History of Central

  •  Exterior of Central High School 


    Central teachers and students occasionally encounter visitors to the building who have wandered in to explore what they believe to be Nebraska's first territorial capital. Despite Central's imposing exterior, though, it was never the territorial capital but, instead, is the site of the first capitol.

    Central traces its beginning to Omaha's first all-grade public school, opened in 1859 by the Superintendent of Education, Howard Kennedy. But it was another twelve years before the fledgling school district actually constructed a separate high school. In 1869, the Nebraska Legislature donated the old capitol building to 21st and Capitol to Omaha on the condition that it be used for a high school. That building never knew service as a school building, however. It was declared unsafe and was torn down in 1870 to make way for the new high school, which began in the fall of 1870 and was completed in 1871. 

    This red brick building faced east and consisted of the main structure with north and south wings and a 150-foot spire that dominated the horizon. The school had four stories and a basement. This Omaha High School, destined to become known as Central High School, was a source of much pride to Omahans. Important visitors to the city were certain to be given a tour of the school. That included President William Howard Taft in 1911, who, according to reports, climbed the tower for a better view of the city.  From its vantage point on the hill, Central High School, even then, was at the center of the growing city's activity. On July 4th, 1876, for example, electrical engineers wired the school's tower to give Omaha its first demonstration of electric lights. Before the comfort of air conditioning, local residents were known to sleep out on the Central lawn for relief from the heat on oppressive summer nights.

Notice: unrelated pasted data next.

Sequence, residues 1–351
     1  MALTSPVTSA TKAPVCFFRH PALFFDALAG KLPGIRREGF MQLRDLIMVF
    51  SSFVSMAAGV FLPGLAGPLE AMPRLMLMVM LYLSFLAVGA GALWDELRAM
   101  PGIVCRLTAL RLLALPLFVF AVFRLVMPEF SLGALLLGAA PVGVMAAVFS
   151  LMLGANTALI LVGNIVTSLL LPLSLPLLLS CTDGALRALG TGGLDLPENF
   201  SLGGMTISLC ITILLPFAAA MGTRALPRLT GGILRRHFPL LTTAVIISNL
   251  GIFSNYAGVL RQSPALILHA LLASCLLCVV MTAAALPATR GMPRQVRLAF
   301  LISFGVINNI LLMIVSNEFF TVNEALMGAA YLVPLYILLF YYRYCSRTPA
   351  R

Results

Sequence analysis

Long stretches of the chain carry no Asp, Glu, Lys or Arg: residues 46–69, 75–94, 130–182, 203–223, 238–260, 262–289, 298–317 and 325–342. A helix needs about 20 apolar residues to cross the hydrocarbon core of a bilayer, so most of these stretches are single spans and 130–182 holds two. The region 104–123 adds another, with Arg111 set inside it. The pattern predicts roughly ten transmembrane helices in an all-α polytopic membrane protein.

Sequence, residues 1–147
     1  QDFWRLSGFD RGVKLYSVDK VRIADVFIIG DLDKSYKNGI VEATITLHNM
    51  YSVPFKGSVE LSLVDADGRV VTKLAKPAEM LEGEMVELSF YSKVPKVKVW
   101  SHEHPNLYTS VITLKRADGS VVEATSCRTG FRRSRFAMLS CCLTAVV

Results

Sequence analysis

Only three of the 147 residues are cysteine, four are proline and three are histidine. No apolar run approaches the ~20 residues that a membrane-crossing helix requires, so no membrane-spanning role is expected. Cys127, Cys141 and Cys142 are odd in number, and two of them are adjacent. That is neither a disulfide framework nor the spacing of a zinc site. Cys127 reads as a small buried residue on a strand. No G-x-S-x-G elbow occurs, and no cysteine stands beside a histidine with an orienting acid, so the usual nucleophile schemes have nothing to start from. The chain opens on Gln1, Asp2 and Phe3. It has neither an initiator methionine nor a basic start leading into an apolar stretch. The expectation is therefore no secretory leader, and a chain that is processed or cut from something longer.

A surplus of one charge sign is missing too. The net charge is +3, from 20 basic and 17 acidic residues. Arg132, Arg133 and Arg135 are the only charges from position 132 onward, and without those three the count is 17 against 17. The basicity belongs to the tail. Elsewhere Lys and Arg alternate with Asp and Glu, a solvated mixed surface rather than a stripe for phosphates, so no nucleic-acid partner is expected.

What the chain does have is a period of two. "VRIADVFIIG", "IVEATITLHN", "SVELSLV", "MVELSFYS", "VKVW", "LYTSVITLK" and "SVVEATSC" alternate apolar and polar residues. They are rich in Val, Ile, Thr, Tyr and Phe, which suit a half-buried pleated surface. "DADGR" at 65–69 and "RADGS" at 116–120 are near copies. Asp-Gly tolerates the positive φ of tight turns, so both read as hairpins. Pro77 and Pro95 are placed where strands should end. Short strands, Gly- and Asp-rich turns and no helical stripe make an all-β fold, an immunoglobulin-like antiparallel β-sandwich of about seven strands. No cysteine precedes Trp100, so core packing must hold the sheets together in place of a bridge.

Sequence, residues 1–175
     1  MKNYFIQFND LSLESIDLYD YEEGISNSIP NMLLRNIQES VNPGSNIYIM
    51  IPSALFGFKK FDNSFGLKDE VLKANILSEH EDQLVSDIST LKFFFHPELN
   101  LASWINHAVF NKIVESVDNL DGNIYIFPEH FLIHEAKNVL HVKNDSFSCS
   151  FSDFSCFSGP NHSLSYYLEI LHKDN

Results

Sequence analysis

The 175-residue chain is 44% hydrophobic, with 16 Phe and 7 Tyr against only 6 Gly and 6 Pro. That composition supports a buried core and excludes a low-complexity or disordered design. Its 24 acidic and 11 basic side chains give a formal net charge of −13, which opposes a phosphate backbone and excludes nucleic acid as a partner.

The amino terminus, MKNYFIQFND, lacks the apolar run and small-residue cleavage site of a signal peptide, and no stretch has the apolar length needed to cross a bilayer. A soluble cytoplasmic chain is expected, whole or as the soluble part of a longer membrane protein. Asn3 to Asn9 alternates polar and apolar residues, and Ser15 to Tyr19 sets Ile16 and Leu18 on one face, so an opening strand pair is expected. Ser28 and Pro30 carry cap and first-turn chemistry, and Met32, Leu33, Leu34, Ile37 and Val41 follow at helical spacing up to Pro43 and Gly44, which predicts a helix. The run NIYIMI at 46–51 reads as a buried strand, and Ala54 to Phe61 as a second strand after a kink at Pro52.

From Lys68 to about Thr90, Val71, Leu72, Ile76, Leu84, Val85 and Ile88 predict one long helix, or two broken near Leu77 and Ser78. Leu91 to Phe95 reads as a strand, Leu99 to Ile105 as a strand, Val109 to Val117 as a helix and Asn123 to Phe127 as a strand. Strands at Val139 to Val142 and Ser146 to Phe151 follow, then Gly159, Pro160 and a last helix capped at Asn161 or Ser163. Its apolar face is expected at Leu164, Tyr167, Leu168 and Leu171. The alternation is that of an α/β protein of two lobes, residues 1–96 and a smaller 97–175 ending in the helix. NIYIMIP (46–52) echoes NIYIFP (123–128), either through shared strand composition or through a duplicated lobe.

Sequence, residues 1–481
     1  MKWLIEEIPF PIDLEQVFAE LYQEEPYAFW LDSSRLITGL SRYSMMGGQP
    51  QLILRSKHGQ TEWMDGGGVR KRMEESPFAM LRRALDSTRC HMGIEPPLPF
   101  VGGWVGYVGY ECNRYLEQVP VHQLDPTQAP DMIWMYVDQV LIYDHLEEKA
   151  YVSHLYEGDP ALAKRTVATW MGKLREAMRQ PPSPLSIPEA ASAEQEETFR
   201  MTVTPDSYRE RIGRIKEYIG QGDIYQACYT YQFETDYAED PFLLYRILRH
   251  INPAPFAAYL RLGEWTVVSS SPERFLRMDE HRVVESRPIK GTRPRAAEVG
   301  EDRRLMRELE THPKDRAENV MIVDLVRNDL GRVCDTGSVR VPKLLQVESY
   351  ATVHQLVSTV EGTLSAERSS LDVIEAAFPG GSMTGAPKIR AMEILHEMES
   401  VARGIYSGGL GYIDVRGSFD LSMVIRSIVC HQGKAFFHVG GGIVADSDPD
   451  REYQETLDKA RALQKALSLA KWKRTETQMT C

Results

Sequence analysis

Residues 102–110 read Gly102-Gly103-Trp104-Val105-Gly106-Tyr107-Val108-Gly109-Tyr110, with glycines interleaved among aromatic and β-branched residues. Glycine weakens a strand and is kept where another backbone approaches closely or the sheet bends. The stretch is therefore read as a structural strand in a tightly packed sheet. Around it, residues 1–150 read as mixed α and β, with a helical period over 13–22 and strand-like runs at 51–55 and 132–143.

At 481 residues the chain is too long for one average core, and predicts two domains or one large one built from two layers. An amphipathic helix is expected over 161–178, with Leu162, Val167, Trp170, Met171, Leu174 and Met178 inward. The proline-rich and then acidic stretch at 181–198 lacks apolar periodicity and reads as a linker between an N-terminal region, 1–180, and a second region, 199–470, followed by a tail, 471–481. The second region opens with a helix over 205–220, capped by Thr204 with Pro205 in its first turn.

By 1897, overcrowding and inadequate ventilation became serious problems for the school, and the board of education approved the construction of a new, larger building. The cornerstone for that building, the present-day Central High School, was laid on November 16th, 1900. The builders began with the east side of the new school, and from 1900 to 1912, the school grew, one side at a time, each section constructed around the original tower building. Finally, that tower building itself was demolished and removed before the fourth side (the north side) was added. Kate McHugh, principal at the time, insisted on the removal of the old building's heating and ventilating plant to create a courtyard at the center of the square structure.

    Central's grounds received extensive revamping in 1920. Prompted by complaints from Omaha motorists about the steep incline of Dodge Street, city officials initiated plans to lower the grade of the busy street. The work closed traffic for more than a year and left Central on a cliff with a 20-foot drop. New terraces and flights of stairs provided the campus with its present look.

    The school board approved the addition of a gym and auditorium wing to the north side of the building in 1925. Prior to that time, the basketball teams played their games in a gym on the fourth floor, where the cafeteria was located at that time, and thespians performed on stage in a tiny auditorium that has since been transformed into a classroom (room 145) behind the Wall of Fame. In 1981-82, a large renovation project was completed while school was in session. Part of this renovation included workers using a helicopter to lower supports in place for a translucent dome that would cover the courtyard (as it is today).

    Central High had another renovation in 2005 that saw the addition of air conditioning, a new gym, gym lobby, and the football and track stadium that overlooks downtown Omaha, proudly recognized Seeman Stadium. The most recent and recognizable change to Central High is the addition of the arts wing on the east side of the building, looking down Capitol Street; this vast addition was added in 2019 to include a new library, vocal and instrumental classrooms, art classrooms, and the black box theater.


Central's Principals

    • Dionne Kirksey, 2021-present
    • Ed Bennett, 2013-2021
    • Keith Bigsby, 2010-2013
    • Gregory Emmel, 2006–2010
    • Jerry F. Bexten, 2002–2006
    • Gary L. Thompson, 1995–2002
    • Gaylord “Doc” Moller, 1968–1995
    • J. Arthur Nelson, 1944–1968
    • Fred Hill, 1939–1944
    • Joseph G. Masters, 1915–1939
    • Clayton Reed, 1914–1915
    • Kate McHugh, 1911–1914
    • E. U. Graff, 1908–1911
    • A. H. Waterhouse, 1899–1908
    • Irwen Leviston, 1896–1899
    • Homer Lewis, 1882–1896
    • Charles Hine, 1881–1882
    • C. H. Crawford, 1877–1881
    • W. H. Merritt, 1875–1877
    • John Kellom, 1870–1875